However, when Sharpay arrives in New York, she learns the casting agent was actually interested in her dog, Boi. Desperate to have any excuse to stay in New York (the alternative is to go home and go to wo-wo-wo-work), Sharpay agrees to let her dog addition for the part. Unfortunately, there's one other dog still in the running. Will Sharpay get to stay in New York?
Now I'm going to be completely honest here. The plot is so formulaic you can see the "twists" coming a mile away. So one or two developments took me by surprise, but they were mid-point complications. The ending didn't surprise me at all.
Also working against the movie is Sharpay. She's long been my least favorite character in the franchise. I almost passed on the movie as a result. And once again, any character growth we've seen in the previous movies is thrown out the window as the beginning finds Sharpay selfish and manipulative. As much as I dislike the lack of continuity, I must admit that I find her fun, so I soon forgot about that.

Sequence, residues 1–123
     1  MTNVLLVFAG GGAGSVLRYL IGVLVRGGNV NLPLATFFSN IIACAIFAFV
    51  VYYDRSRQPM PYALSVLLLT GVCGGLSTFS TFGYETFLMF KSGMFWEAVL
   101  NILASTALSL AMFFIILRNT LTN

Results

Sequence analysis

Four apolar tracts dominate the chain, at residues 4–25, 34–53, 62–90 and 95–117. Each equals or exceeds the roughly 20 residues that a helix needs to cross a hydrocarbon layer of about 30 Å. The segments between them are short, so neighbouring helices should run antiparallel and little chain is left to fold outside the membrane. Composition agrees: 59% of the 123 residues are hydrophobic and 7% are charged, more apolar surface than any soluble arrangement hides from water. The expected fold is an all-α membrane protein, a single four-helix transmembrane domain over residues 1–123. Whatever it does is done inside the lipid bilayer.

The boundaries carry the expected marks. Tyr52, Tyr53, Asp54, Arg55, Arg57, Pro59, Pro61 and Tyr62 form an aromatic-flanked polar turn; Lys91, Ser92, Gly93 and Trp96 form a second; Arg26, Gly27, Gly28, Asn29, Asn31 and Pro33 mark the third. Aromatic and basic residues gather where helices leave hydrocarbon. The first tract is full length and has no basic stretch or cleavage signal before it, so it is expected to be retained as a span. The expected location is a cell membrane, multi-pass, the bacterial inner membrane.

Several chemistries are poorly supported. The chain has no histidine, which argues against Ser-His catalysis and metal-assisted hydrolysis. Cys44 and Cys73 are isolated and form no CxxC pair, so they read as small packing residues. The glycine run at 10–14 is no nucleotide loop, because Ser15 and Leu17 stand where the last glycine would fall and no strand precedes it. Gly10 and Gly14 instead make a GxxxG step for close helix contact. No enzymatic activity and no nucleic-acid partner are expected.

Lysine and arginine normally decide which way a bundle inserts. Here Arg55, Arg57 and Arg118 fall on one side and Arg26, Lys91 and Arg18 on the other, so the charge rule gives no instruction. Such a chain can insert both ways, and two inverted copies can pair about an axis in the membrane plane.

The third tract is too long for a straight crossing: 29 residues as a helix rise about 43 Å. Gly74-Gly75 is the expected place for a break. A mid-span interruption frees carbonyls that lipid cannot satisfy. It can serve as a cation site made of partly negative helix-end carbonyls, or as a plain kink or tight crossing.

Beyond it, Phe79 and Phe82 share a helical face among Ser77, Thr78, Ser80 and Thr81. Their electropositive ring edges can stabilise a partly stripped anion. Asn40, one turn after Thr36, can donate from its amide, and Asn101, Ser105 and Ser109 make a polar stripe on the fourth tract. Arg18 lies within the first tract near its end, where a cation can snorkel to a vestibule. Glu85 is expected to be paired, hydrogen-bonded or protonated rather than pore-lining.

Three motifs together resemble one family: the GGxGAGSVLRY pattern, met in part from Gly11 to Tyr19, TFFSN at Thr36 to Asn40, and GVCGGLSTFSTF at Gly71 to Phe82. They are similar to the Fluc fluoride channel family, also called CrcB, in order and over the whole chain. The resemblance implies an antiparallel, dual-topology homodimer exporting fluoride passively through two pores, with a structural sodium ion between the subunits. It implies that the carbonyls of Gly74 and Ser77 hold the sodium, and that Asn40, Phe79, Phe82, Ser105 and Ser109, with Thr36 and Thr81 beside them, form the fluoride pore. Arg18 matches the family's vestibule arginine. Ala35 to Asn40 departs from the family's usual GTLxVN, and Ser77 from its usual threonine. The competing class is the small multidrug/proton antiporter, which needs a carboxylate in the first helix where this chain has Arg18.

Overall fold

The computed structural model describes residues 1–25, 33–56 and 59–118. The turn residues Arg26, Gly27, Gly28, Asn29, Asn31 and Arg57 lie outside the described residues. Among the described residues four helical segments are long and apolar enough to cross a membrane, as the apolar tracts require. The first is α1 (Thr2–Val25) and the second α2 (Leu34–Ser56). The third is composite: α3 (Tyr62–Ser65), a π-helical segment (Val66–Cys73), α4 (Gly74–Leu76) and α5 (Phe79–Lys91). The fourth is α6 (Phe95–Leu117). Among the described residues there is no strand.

The movie has four new songs (one of them sung twice). All of them are done on stages, and I'll admit I was a bit surprised not to see more songs like in the High School Musical movies. However, all of them were good and work for the story as well as the play within the story.
Now here's the part where I have to be honest. By the time the movie was over, I was enjoying myself. No, this isn't a great film. But it is fun and entertaining. I was laughing at parts, one montage in particular. I was concerned that the characters get a happy ending. I have a feeling that the 9-12 year old target audience for this film will absolutely love it.